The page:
And then the snowflakes came out of the woodwork for Esparza. Thousands of people signed a change.org petition on Esparza’s behalf. They carried their signs. They wore their t-shirts. But the prosecutor said it best: “I knew that she had hundreds if not thousands of supporters who had never read a single police report, never listed to a single taped interview.” But ignorance of the facts never interferes with the Left’s activism.
Feeling emboldened Esparza rejects the three-year plea deal and opts for a trial instead. While awaiting trial she complains in an interview with Dateline that she’s been re-traumatized every time she talks about her “ordeal.”
Did I mention that Gonzalo Ramirez was chained up, beaten and hacked to death with a meat cleaver?
In her interview she admits to Dateline that she watched as Van and his friends rear-ended Ramirez’s truck and then kidnapped him when he got out of his truck. She admits that she waited in a nearby bar afterwards, until someone came and took her to the transmission shop where Ramirez was being held. She sees him chained up and beaten. Ramirez was “not in good shape,” according to Esparza. She claims to have been terrorized. “I never wanted Gonzalo Ramirez to be harmed,” she says. She calls herself a victim. Asked if she now wished she had gone to the police, she answered: “I wish that at some point this whole cycle had been stopped either by an adult or by myself…”
Esparza was 20 years old when the crime occurred.
When Esparza rejected her plea deal Diane Tran, wife of one of Ramirez’s killers and witness to the events that took place, took her own plea deal, telling prosecutors that Patricia Esparza wasn’t forced into anything, that she took part in planning the murder, that discussions about retaliation began immediately after she told Van about the rape, and that Esparza was present when they talked about murder. According to Tran, Esparza knew about the plan to kill Gonzales and encouraged it.
With Tran prepared to testify and prosecutors undeterred by the bullying campaign on her behalf, Esparza lost her nerve and took a plea, except the offer was now for six years instead of three based upon Tran’s testimony.
I hope you’ll excuse me for the length of this story but the details are necessary to expose Patricia Esparza for the cowardly, cold, calculating liar she is and her supporters for the attention-craving, amoral ignoramuses they really are.
We don’t know if Gonzalo Ramirez actually raped Patricia Esparza because she didn’t report the rape to the police when it allegedly occurred. Why not? She didn’t want her family to know, she says. Well isn’t that brave of our courageous leftist? If he truly was a rapist, I guess this student of women’s studies and purported sympathizer of women’s struggles was okay with him being out on the street, free to rape other women. Someone please explain that one to me. Where are the champions of civil liberties to condemn Esparza and her friends for meting out their own justice? Where are the leftists who routinely protest the death penalty as “cruel” when a man has been tortured and hacked to death without the chance to defend himself in a court of law? At every turn this case reveals how phony the Left are, and to what extent their reputations for courage and compassion are myths conjured up in their own diseased minds.
Whether she was raped or not I personally don’t believe Patricia Esparza ever reported the rape to the nurse or other medical personnel who administered the morning after pill she requested. After seeing the multitude of lies that she told and coming to understand her character (or absence thereof), it seems far more plausible to me that the nurse’s account is the truth. Why is this important? Because Esparza threw this poor nurse under the bus when she claimed that the nurse ignored the rape charge and failed to report it, with no concern for how such a charge might damage the nurse’s reputation or endanger her job. Contrary to the myth, the little people never matter to the Left. They are expendable.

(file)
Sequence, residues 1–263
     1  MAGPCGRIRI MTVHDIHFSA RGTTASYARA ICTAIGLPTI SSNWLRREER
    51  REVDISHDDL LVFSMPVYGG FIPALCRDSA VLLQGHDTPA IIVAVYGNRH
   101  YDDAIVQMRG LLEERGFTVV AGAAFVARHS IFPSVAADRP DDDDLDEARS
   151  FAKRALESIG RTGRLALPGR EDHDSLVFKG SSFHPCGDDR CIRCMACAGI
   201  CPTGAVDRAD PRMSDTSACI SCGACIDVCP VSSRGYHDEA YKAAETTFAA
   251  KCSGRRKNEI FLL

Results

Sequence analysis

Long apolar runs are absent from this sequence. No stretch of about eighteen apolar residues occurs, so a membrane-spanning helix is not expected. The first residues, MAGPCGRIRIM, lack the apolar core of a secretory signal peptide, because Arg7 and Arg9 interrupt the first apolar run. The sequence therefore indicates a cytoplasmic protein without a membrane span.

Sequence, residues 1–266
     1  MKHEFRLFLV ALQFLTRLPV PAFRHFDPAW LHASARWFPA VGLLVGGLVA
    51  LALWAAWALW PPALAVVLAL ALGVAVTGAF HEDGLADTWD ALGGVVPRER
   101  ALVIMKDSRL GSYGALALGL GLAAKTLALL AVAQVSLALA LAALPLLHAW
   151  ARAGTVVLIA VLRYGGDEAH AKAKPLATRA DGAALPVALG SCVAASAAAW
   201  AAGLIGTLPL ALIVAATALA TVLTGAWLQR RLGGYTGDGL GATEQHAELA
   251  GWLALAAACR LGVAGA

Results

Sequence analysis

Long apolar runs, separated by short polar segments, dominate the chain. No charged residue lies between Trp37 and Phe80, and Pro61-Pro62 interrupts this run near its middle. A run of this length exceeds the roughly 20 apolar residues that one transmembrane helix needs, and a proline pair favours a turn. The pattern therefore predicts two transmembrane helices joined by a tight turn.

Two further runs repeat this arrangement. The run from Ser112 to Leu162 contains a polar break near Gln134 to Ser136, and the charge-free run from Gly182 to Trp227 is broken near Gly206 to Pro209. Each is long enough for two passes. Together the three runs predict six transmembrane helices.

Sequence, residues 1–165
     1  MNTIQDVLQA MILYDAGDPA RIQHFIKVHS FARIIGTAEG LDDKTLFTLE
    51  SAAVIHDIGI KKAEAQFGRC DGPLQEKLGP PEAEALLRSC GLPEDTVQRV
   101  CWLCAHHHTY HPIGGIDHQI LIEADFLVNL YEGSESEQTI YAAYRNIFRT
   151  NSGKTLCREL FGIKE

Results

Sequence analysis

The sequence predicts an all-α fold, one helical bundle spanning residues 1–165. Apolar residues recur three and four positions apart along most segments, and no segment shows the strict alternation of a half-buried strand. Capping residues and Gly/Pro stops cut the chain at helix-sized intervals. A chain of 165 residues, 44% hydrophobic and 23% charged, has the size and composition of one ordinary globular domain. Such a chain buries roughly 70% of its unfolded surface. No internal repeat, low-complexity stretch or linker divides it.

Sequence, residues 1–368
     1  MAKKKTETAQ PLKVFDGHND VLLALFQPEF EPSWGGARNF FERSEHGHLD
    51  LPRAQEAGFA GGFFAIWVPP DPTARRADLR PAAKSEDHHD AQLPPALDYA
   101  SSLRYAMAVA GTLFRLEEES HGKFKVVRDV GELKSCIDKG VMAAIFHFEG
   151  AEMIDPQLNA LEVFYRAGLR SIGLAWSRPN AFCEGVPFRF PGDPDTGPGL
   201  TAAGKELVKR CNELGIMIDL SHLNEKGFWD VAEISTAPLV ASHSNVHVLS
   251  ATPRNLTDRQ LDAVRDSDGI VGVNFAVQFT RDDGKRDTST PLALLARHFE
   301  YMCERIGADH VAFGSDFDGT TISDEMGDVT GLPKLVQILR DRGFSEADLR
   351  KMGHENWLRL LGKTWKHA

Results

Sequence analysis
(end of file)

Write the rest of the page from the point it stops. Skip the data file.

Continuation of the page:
Perhaps one of the most disgusting aspects of this case was the way Esparza used her “little daughter” to buttress her victimhood persona. Again and again she wonders aloud what will happen to her little daughter, but never does she acknowledge the two little daughters of Gonzalo Ramirez, now grown, whose father was taken from them and is never coming back. According to one report Esparza’s husband told the local City News Service: “The first thing my wife said after she was handcuffed was to please take care of our daughter and shield her from the pain of this experience.” Really? Then why did she parade the girl at the news conference where she announced she would fight the charges against her, and why did her husband bring the girl to the courthouse when Esparza finally plead guilty to manslaughter? Maybe “shield” means something different in leftist speak.
Finally, let’s talk about Esparza’s attempt to shirk accountability for her actions by trying to intimidate prosecutors with public support, while still pretending to be courageous. Is this how justice is supposed to work, that he or she with the most friends wins? That’s the mentality of the Left. The rules of the system never apply to them. Keep in mind that prosecutors initially offered her a sentence of just three years in exchange for testifying against those who carried out the actual killing. But Esparza says she didn’t want a conviction to jeopardize her career. Frankly I don’t understand why she’s worried. A murder conviction makes you a hero to the liberals who run the world’s universities. She’ll be promoted to chair of her department as soon as she’s released.
That’s who Patricia Esparza really is, just in case you ever encounter the mythical version.
Next up: The myth of Hillary Clinton.